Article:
27 Feb Messaged up the ass – feedback
In response to my post on the Dexter government’s obsessive management of routine government communications, Bruce Wark writes:
When I arrived in Nova Scotia in October, 1986, as CBC Radio’s National Reporter for the Maritimes, I found the Nova Scotia government’s public relations system third rate. I had just come from six years covering the Ontario legislature and was used to dealing every day with a professional civil service and public relations officers who provided accurate information quickly and efficiently. In fact, I realized during my years at Queen’s Park that the Conservatives’ decision to create a professional (and de-politicized) civil service was one of the main reasons they held power continuously in Ontario for 42 years. Journalists and the public trusted government information.
The establishment of Communications Nova Scotia in 1996 represented a big step forward. Over the years, I have found CNS officers (many of them former journalists) to be efficient and trustworthy providing unbiased information even when they suspected that the journalist receiving it might be building a case against government policies. Ultimately, the public judges both those policies and the journalists who report on them. The basis for that public judgment has to be accurate and timely information untainted, as much as possible, by partisan government spin and filtered though professional communications officers who are not forced to run everything by a centralized political authority….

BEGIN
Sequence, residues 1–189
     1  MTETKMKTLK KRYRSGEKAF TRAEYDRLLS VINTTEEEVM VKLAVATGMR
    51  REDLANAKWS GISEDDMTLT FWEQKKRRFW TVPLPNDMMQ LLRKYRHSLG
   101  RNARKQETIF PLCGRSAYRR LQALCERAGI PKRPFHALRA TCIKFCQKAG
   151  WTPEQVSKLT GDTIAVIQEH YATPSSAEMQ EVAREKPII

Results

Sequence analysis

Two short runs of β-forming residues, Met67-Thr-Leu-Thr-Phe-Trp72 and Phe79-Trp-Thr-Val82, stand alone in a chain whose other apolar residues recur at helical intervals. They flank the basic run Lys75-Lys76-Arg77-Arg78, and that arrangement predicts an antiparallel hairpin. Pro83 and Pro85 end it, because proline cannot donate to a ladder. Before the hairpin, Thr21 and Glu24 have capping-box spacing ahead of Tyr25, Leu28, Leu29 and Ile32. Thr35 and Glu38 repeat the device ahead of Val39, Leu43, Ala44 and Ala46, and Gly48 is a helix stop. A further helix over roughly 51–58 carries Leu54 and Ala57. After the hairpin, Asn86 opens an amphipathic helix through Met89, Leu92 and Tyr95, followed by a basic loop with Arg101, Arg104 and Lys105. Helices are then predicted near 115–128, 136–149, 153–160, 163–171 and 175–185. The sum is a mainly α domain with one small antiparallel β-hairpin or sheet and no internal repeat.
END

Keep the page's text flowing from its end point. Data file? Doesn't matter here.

Governments which put obstacles in journalists’ way and try to spin them to death will eventually pay a price for their attempts to message reporters up the ass. The provincial NDP and the federal Alliance-Conservatives ignore this at their peril. Your commentary and Paul MacLeod’s reporting is an early warning to the neophyte, political boffins at NDP central.
This is a matter of degree. There’s nothing wrong with a government trying to insure consistency in the way it communicates with the public, but when this effort reaches the point where everything must to be cleared with a Central Committee, it’s unhealthy for a democracy.
The media shares some responsibility, given how reporters pounce on a politician or official who deviates even slightly from party or government line. In pouncing, reporters don the mantle of heretic-fighters and orthodoxy-enforcers, with the unwelcome effect of sanitizing political discourse.
As Michael Kinsley purportedly remarked, “A gaffe is when you tell the truth.” That is, it’s not a gaffe when a politician lies but when a politician unguardedly says what she really thinks. Neither the media nor the premier’s office should make it their business to punish such truthfulness.
After sending the words above to Contrarian, Wark’s indignation apparently continued to rise. At week’s end, he emailed the premier’s press secretary, saying:
[L]et me tell you straight up that this issue is not about media convenience or efficiency. It’s about the right to factual, public information from the civil service, untainted by partisan political spin.